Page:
The back gate through which the road actually led to the nearby Limes.
At the Limes itself, I had a little discussion with my wife as to whether the palisade shown made sense at all. I had seen depictions of it before and always doubted that it was worth the effort. The notice board says that the palisade only existed between 120BC and 145BC because it was not renewed due to a lack of wood and replaced by ditches and a rampart. I, on the other hand, support the thesis that the palisade was omitted because the benefit simply did not correspond to the effort. A lack of wood in the middle of Germany? No way.
I think the Romans saw the Limes more realistically than we do. For them it was probably not a real defense line, they probably wanted to build an obstacle to prevent the unregulated movement of people and goods. Because palisade, rampart and ditch would hardly have withstood a serious, massive attack.
See it this way: The fence prevents individual hikers and riders (migrants, spies, criminals,smugglers, whoever...) from crossing the border, ditches and rampart prevent the passage of wagons and thus goods in significant quantities.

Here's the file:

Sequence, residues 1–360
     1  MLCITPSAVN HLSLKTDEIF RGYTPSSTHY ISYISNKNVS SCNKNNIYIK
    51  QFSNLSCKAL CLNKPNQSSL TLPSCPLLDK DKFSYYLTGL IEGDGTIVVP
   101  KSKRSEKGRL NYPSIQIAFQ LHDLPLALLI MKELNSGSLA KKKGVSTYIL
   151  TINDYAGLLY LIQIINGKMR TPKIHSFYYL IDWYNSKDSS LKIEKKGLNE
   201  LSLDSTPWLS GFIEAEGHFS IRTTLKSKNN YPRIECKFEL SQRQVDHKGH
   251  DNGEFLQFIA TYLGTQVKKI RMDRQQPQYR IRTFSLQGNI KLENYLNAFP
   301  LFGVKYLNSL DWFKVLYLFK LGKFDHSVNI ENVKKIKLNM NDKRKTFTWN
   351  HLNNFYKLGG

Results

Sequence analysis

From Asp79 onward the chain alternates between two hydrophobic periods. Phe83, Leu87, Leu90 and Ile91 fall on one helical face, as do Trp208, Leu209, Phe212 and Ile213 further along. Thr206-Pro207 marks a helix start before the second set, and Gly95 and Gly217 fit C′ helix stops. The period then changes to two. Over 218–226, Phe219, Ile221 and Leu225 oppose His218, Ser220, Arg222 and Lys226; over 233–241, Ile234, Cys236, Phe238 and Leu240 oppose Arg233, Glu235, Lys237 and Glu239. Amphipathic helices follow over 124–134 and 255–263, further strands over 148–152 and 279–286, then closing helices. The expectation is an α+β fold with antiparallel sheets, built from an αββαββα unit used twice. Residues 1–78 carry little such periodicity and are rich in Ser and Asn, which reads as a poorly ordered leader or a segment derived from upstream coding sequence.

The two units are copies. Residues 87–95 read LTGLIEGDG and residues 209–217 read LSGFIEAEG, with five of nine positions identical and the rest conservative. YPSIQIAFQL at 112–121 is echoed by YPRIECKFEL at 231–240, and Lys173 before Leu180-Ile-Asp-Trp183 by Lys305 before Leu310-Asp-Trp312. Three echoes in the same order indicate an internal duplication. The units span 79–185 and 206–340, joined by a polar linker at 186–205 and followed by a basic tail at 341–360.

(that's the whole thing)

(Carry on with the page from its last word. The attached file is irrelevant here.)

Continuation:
However, it is also easy to underestimate these ditches and ramparts. If you stand on top of such a thing, like on these remains of an earlier earthwork besides the castle, you can easily imagine defending it somehow. It clearly gives you a better position because the rampart is very steep and you stand high above a potential intruder or attacker who will face difficulties to move up. And it provides protection against arrows and attackers on horses.
Outside the fort there are also the remains of the first encampment that the Romans made at this location. Like the later versions of the forts, it was build to control the pass over the Taunus Mountains. The pass still plays a role, today many cars use the road right next to the castle so that the noise is a little bit annoying. I recommend a visit on an early Sunday morning.
On the old Roman road that leads through the main gate to the south there was not only a village (Vicus) but also a temple of the Mithras cult with an 'eternal spring' next to it. Unfortunately, the building was locked, but no real information about the inner workings of such a temple is available anyway so anything shown there is more or less a fantasy.
Perhaps the reconstruction of the castle is not as perfect as one would like it to be by today's standards. For example I think the towers are not right, too small and not really useful from the defenders standpoint. And the battlements are definitely not right.
But all in all it is very well done and you get a very good impression of an cohort fort. For those who are interested, those who take a closer look at the exhibition, make the circular walk around the camp, visit the ruins of the Vicus, the baths and the earthworks outside the castle and the Limes, the facility is good enough for a stay of some hours. And there is a little restaurant inside where you can eat like a Roman - or choose chips and a coffee like I did.